Food in Oman

A uniform Omani cuisine does not exist. Since the barren Omani soil could not contribute to a variety of food, the kitchen of the country has long been characterized by foreign products.

In the past, those in the interior relied mainly on dates, limes, rice and bread, while the coastal population enriched their diet with fish. Today, refrigerated transport supplies even remote regions with fresh fish and vegetables every day. The meat is varied: goat, chicken, lamb and camel enrich the menu. However, the latter are slaughtered only on festive occasions or on religious holidays. As in other Arab countries, it is customary in Oman to eat not with cutlery but with the right hand. From Asia or Africa come many spices: above all, cinnamon, cardamom (also for tea or coffee), saffron, turmeric (curcurma), cloves, and rose water. Nevertheless, there are also some local dishes, such as shoowa and halwa.


The time-consuming holiday dish Shoowa consists mainly of goat meat, served with rice, salad and lime.

This dish is only prepared on special religious holidays, because it is very time consuming. A goat is season and wrapped in banana leaves, bedded on glowing charcoal in an earthen pit, which is then closed over. Depending on the size of the animal, it will be reopened after 12 to 24 hours. The meat is tender and juicy. It is served on a large tray with lots of rice, salad and limes. Afterwards an abundance of fruit is offered, finishing with the obligatory coffee.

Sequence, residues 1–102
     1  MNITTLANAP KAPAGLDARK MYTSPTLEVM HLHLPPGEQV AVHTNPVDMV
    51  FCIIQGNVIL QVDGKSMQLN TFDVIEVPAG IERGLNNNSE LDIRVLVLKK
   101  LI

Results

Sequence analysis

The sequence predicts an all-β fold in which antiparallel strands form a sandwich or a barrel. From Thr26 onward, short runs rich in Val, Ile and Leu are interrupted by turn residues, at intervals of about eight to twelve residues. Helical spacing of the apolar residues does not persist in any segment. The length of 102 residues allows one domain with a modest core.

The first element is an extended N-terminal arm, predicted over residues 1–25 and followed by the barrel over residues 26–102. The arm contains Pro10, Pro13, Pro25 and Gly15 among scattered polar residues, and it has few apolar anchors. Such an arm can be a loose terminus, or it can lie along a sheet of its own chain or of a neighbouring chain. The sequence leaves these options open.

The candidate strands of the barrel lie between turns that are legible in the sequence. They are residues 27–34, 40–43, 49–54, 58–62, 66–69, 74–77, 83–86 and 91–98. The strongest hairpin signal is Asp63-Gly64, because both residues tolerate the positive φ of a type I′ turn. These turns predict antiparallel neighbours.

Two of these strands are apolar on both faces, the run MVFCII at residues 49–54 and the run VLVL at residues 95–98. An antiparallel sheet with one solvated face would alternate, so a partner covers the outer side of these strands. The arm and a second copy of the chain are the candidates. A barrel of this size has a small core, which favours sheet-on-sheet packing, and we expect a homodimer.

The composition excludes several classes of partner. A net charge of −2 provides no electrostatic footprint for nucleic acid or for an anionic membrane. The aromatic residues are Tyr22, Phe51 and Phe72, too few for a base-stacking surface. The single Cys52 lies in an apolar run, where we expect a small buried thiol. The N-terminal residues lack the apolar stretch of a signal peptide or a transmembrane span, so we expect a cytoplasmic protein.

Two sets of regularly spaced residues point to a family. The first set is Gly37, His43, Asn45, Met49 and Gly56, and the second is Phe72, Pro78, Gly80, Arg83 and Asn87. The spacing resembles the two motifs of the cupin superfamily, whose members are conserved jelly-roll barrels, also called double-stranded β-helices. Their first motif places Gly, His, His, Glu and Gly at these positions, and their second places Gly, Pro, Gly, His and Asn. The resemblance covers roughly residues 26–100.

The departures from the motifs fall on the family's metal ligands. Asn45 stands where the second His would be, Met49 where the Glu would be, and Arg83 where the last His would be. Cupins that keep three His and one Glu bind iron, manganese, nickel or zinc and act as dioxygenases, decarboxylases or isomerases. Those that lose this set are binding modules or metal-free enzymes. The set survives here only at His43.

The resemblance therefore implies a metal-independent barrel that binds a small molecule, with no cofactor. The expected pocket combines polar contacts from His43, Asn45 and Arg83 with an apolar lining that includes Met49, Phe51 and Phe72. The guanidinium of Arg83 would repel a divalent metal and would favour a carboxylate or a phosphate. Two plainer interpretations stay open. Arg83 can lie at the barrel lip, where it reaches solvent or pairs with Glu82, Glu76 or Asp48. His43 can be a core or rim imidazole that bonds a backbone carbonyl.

Halwa is mainly produced in factories today. The different varieties are not only very different in taste but also in price.

In Arabic, "halwa" means sweet, and it tastes that way. No wonder, because the ingredients consist of clarified butter, caramelized sugar, almonds and starch, flavored with saffron, cardamom, almonds and rose water.
In smaller towns you can find here and there a halwa cook, but in Barka there is a big factory. It produces a variety of varieties that differ greatly in price, color and taste. With constant stirring, the viscous mass is cooked for hours over a wood fire (which is important for the taste) in a large copper kettle until it is finally filled into colorful plastic or enamel bowls. Then just let it cool down and: Bon Appetit!